Getting adequate sleep, of course, is important for good health. Deprivation has been linked to conditions like high blood pressure, heart disease, and obesity, as well as shorter-term consequences like problems with mood and memory. Obradovich noted that older people tend to have higher mortality rates during heat waves, too, and part of the reason could be all the tossing and turning cutting into their sleep.
It may almost be June 2017, but 2016 presidential election rhetoric lives on. After Hillary Clinton took some jabs at President Trump during her commencement speech Friday at her alma mater, Wellesley College, Republican National Committee Chairwoman Ronna McDaniel released a statement swinging back. "Today's speech was a stark reminder why Hillary Clinton lost in 2016," McDaniel said in the statement. "Instead of lashing out with the same partisan talking points, Hillary Clinton would be wise to look inward, talk about why she lost, and expand the dwindling base of Democratic Party supporters — we won't hold our breath though."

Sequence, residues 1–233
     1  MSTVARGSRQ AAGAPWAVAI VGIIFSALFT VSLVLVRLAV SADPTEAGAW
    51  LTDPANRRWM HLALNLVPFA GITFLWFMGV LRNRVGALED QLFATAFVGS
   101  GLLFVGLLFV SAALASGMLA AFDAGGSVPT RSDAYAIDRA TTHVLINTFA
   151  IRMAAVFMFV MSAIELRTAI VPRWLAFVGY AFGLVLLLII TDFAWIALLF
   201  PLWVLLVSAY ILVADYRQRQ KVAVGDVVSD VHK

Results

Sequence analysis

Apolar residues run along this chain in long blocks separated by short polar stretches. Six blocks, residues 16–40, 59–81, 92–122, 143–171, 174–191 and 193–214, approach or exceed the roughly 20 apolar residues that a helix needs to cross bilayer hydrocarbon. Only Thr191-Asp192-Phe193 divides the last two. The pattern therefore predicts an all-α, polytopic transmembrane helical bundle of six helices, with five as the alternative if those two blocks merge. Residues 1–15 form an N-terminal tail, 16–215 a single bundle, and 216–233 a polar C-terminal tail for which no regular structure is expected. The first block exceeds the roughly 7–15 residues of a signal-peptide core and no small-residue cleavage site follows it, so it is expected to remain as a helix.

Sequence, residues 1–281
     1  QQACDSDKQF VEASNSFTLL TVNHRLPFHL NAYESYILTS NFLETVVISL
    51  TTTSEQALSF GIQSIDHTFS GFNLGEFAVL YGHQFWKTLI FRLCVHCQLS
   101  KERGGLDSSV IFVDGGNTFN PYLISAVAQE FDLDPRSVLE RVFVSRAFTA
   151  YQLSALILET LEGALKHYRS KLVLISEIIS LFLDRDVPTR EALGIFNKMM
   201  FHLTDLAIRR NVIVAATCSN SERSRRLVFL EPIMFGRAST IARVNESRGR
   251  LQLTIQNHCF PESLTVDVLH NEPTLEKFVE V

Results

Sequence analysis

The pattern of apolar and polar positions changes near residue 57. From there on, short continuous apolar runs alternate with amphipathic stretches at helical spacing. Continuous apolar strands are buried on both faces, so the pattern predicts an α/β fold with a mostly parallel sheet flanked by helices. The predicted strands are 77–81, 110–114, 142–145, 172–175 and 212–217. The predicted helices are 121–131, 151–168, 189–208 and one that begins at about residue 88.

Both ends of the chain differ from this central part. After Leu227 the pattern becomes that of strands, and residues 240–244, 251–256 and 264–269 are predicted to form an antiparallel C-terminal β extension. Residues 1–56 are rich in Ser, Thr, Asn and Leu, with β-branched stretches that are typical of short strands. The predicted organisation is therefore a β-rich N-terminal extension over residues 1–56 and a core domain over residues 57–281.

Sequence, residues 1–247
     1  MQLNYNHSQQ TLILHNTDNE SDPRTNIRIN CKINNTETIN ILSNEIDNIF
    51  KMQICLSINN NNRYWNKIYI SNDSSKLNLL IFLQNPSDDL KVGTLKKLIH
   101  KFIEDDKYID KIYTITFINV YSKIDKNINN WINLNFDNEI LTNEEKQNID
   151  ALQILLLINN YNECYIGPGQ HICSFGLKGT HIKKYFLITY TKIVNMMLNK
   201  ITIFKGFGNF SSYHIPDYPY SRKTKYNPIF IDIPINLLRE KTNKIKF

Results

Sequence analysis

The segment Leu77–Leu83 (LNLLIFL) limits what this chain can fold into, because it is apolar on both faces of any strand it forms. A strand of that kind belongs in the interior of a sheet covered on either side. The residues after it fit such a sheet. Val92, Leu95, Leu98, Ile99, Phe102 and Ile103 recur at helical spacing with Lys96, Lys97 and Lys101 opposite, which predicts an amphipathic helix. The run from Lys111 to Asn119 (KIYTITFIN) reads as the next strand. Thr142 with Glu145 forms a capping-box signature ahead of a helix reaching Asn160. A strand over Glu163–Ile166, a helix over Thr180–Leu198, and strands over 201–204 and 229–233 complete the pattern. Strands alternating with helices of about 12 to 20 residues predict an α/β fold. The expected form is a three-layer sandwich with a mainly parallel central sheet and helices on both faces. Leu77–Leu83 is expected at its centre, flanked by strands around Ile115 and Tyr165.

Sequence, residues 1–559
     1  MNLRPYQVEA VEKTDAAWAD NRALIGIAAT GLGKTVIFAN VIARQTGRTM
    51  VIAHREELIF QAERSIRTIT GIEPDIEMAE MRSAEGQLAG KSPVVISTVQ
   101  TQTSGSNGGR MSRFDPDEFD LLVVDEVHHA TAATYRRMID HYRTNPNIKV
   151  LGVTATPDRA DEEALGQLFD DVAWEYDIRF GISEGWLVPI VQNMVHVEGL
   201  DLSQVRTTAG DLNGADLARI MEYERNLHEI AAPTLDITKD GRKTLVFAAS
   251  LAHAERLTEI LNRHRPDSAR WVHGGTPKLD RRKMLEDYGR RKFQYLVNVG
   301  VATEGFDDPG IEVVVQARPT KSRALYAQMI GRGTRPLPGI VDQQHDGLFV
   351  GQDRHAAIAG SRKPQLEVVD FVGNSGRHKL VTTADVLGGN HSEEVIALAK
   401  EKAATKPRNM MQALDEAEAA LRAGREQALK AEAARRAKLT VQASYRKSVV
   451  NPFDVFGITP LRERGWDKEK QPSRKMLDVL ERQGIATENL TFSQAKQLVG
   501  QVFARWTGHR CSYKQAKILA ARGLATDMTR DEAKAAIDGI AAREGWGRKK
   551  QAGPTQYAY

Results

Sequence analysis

Clinton didn't call Trump out by name in her speech, which she began by discussing former President Richard Nixon and what it was like living through his resignation. "We were furious about the past presidential election of a man whose presidency would eventually end in disgrace with his impeachment for obstruction of justice," Clinton said. She added that this happened "after firing the person running the investigation into him at the Department of Justice," a not-so-veiled allusion to Trump's recent firing of former FBI Director James Comey.
Clinton encouraged the graduates to remain hopeful despite the "full-fledged assault on truth and reason" and to reach out to people "hurt" by the Trump administration's newly introduced budget plan, which she called a "con." Becca Stanek